I have had a really wonderful 30 years doing work in human rights. There are so many treasured moments. I think one of the most exciting moments for me was when the global women's movement came together around the United Nations World Conferences held in Vienna on human rights. A lot of people look at me today and say, “Haven’t women’s rights always been human rights?” The reality is that the word “human” never really incorporated women. It was always about men. If you look at human rights in the past, issues that human rights organizations or governments focused on, what was happening to women was not present on the table. That moment when women from all around the world came together and demanded to have their humanity recognized on the same level as men’s, that was a very exciting time for me. Being at the Beijing Conference for Women’s Rights, with thousands of women from literally the tiniest little island in Banua to Germany, to every single country from Africa and Asia, Greenland, America, Latin America, it was an opportunity to realize that in all of our diversity, in all of the differences among us, we had a shared vision, a shared mission, a shared reality. That was the moment when I understood that we always have to be particular and recognize our difference and always understand how interconnected we are.

At the ceremony for your Lipman Prize, you said, “We have never needed ourselves more. We need to reclaim our destiny.” Can you expand on that?

I think we are at the moment on our planet when all of the old structures are falling apart. The old economic structures don’t really work anymore in terms of jobs and in terms of the extreme gap of income inequality. The political system that we have doesn’t really work anymore. There are more and more environmental catastrophes and climate change issue and we really do have political leadership, economic leadership and corporate leadership that doesn’t know what to do.

I feel that at this moment in the planet’s history, we really need to be thinking differently about not just survival, but how we can thrive. What I have observed is that while everything around us is falling apart, there is an increasing sense of our interconnectedness. More of us are coming to realize that our destinies are intertwined. What I do, in whichever part of the world I am, has a connection or an impact to you even if you are very far away. I see that younger people especially understand that interconnectedness, perhaps because of social media, perhaps because of technology, perhaps because some of us who have been doing political organizing have had some influence on their generation. I really think the time has come for us to reclaim our destinies in terms of being people who find creative and amazing ways of living and being together on this planet.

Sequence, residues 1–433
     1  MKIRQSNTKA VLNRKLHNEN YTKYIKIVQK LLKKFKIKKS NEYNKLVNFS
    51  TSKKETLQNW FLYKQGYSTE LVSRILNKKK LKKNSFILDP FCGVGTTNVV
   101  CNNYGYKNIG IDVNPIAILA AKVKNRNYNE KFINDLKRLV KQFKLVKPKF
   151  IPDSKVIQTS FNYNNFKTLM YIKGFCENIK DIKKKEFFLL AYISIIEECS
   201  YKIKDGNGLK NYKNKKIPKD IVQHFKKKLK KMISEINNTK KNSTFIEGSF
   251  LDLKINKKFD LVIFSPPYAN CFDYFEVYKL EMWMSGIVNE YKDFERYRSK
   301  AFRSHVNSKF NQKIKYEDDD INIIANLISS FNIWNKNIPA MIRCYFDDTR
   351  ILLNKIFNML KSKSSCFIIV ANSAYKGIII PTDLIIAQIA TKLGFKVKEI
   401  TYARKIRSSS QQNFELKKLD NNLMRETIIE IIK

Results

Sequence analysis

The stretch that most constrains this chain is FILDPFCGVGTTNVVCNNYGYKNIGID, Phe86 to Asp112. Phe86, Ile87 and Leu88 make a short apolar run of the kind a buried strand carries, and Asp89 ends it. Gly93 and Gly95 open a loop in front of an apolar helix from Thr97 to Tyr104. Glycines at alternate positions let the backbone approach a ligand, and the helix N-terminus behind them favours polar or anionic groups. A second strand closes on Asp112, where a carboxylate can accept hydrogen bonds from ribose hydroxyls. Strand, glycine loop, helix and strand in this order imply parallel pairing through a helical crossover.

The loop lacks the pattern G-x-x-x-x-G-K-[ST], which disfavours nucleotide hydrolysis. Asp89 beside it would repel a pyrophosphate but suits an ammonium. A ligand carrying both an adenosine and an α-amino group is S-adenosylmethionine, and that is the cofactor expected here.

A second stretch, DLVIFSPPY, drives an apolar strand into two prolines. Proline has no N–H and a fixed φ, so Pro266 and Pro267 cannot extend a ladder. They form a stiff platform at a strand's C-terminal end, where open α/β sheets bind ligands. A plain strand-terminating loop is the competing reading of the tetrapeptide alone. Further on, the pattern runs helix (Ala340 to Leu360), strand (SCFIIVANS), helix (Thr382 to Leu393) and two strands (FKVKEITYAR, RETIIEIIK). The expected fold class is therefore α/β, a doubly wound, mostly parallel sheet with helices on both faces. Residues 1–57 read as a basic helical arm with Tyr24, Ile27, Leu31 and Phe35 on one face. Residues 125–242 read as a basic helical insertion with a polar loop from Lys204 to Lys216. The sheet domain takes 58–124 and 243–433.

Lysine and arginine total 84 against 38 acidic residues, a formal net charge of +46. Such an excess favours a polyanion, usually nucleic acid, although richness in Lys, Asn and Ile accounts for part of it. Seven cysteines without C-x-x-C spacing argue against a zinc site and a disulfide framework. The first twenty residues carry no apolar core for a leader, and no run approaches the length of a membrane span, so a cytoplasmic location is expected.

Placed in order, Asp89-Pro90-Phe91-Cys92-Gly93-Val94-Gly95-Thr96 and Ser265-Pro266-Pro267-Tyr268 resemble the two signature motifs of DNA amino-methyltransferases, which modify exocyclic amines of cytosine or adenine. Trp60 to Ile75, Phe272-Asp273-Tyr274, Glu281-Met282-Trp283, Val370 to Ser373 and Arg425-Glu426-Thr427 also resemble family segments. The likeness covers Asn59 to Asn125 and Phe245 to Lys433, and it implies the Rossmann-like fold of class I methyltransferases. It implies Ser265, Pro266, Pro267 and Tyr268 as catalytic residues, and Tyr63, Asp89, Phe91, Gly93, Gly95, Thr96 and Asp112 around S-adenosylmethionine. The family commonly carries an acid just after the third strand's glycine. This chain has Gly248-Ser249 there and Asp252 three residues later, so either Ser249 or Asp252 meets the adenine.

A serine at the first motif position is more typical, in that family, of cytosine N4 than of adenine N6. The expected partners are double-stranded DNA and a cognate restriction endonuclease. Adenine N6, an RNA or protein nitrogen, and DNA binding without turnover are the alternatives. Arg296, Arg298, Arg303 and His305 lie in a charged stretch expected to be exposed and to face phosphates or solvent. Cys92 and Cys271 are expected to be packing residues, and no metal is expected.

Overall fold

What makes you a powerful, intelligent, creative, and innovative woman?

I think that some of it is from my upbringing in a joint family in India. I lived with my grandparents, my uncle and aunt and their two sons, my parents and my brothers. I grew up in a home with three boys and I was the only female grandchild, the third in the hierarchy in the family. As a kid, I was running around with the boys, playing hide and seek or cricket and I was often faster than my brothers.

When we would play games they would try to relegate me and say, “Stay home and cook!” I would say, “No! You stay home and cook!” I think my idea of what I was supposed to be doing as a girl was always in the context of what I was doing with the boys. When I got older, I began to realize that I was not going to be a part of the family business, but the boys were going to be. Because I was a girl, I was supposedly going to get married and go off somewhere else. My mother and my grandmother would sometimes tell me when I got married, then I would be in my own house. These statements would always upset me because I would wonder, “Where am I now? Isn’t this my own home?” That sense of never really belonging and knowing that there were things that I would not have access to because I was a girl, I think that started to really bug me.

Very early on when I was a teenager, I decided to stand on my own two feet. I was going to make sure I would have my own home, not my husband’s home, not my father’s home, not anybody else’s home. I really got into the idea of studying in the United States and I got it all together. This was in the early ‘80s, when there weren’t that many Indian students studying abroad. I ended up at Mount Holyoke College in Massachusetts, which was an absolutely fantastic experience. At college the whole idea of being a woman and doing anything you wanted to do, it kind of gave me a lot of nurturing and feminine traits. I think I was a feminist the moment I popped out of my mom, really. Mount Holyoke gave me the tools, the language and constructs to think big and out of the box and the motivation to do whatever I chose to do. That’s sort of the trajectory that got me where I am.